Siem Reap BigPond Clients Say Camintel Overcharging

 

Customers of Camintel, a private land-line operator in the provinces, say the company has overcharged them for calls to a BigPond Internet local server.

Customers in Siem Reap say Camintel in January started charging $0.05 per minute for local phone calls made to the BigPond server in the town. Other local calls between land-lines cost $0.02 per minute.

“This is a discriminatory action, abusing their monopoly in Siem Reap,” said a Western businessman who has used BigPond, the Australian-based Telstra’s Inter­net service, for years.

He said Camintel told him the special rate was imposed because of Camintel’s new business agreement with BigPond, but BigPond officials say there are no special business agreements with Camintel.

“We don’t take any surcharges from any customers,” Paul Blanche-Horgan, country manager of Telstra, said.

A Camintel official said the decision to increase charges was nothing unusual.

“It’s a business decision,” Nop Sothy, the company’s marketing supervisor, said. He refused to comment on the accusation that overcharges had something to do with an agreement with BigPond.

Camintel is a joint-venture between the Ministry of Posts and Telecommunications and the Indonesian-based Indosat, taking over the military-style satellite phone system set up by Untac forces in 1991. It provides land-line phone services in all prov­inces and some areas in Phnom Penh.

Camintel also provides Internet services in some provinces, using a 64 kilobyte-per-second leased line from the state-run Internet system CamNet, according to the ministry. Under the sub Internet Service Provider license, Camin­tel pays the ministry $2,500 a month for the leased line and can promote Internet services using the CamNet line.

BigPond is Camintel’s only competitor in the Siem Reap Internet market. Competition intensified after the Australian company set up a local server in Siem Reap in addition to its main server in Phnom Penh.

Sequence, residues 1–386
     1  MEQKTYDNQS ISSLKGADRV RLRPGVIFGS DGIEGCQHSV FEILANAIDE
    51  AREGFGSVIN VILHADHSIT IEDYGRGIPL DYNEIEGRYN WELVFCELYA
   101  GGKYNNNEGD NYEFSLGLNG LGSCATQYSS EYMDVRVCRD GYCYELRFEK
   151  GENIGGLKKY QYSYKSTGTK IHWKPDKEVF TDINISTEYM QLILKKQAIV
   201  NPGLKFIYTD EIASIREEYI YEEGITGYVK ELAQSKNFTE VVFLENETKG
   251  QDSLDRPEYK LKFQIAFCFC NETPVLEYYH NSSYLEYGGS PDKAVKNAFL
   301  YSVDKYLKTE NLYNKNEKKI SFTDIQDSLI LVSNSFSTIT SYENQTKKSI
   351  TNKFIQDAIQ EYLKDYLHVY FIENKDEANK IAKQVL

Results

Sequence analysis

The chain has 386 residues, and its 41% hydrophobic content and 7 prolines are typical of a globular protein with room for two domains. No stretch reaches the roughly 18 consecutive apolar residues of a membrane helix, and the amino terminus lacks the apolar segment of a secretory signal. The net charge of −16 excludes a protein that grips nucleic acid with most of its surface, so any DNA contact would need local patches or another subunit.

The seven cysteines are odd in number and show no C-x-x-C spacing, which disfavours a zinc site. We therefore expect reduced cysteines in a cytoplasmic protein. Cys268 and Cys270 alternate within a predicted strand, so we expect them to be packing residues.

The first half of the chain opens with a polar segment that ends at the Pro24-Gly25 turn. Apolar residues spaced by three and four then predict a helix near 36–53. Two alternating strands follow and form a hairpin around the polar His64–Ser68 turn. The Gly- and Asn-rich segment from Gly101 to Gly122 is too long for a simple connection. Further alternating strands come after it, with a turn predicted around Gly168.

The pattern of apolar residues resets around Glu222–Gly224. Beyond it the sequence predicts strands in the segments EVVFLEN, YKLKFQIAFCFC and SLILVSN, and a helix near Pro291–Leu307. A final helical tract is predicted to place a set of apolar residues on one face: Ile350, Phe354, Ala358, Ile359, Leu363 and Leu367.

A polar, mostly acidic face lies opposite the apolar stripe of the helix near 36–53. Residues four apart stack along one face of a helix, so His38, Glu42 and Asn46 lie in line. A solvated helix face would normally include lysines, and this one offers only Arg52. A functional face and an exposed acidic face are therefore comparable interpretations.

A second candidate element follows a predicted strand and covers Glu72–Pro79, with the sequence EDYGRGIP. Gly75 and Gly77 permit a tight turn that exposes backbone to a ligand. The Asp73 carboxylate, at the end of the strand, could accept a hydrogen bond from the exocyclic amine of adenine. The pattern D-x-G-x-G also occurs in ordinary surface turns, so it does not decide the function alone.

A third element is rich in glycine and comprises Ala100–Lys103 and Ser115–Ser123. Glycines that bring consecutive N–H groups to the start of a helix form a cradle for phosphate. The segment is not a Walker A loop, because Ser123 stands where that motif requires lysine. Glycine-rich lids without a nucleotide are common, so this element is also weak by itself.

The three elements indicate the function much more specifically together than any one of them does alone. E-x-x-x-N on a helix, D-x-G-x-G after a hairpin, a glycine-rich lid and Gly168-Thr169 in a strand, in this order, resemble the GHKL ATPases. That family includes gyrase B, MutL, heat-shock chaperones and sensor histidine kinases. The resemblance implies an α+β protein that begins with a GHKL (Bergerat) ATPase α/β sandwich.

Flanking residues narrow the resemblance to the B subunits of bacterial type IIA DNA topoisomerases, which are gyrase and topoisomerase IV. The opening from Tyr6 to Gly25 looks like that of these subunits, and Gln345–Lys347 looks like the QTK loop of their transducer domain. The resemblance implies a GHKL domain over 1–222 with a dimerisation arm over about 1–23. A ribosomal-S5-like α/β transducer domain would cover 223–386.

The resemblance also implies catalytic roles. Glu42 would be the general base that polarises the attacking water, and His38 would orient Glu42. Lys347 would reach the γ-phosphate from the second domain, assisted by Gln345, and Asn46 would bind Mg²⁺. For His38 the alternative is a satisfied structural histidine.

BigPond and its customers said they should be able to connect to the local server at local charges.

In Phnom Penh, by comparison, the state-run land-line system charges $0.01 per minute for all local calls in Phnom Penh, including calls to Internet servers operated by CamNet and BigPond.

Many Camintel customers contacted said the overcharging began as early as January, though Camintel’s announcement to its customers states the surcharge would start Feb 20.

Customers said Camintel is taking advantage of being the only land-line operator in town.

Jon Morgan, director of Ang­kor Children’s Hospital, which uses BigPond, said the issue is not just a business dispute, but a matter of life or death.

“If we don’t have a reliable Internet access, children at our hospital might die,” he said. The hospital, he said, desperately needs to be connected to international communications to receive medical consultation from advanced hospitals.

Koy Kim Sea, undersecretary of state for the ministry, said the ministry is aware that Camintel is overcharging BigPond customers in Siem Reap. “The ministry is looking into the matter,” he said. (Additional reporting by Ana Nov and Kay Kimsong)

Customers said Camintel delayed the installation of its land-line system for BigPond customers and neglected customers’ requests to repair the phone line system.

Officials of the ministry said Cambodia lacks regulations in telecommunications to control the sector, in which many operators compete in a small market.

Koy Kim Sea said experts from the World Bank are now reviewing regulations in telecommunications.

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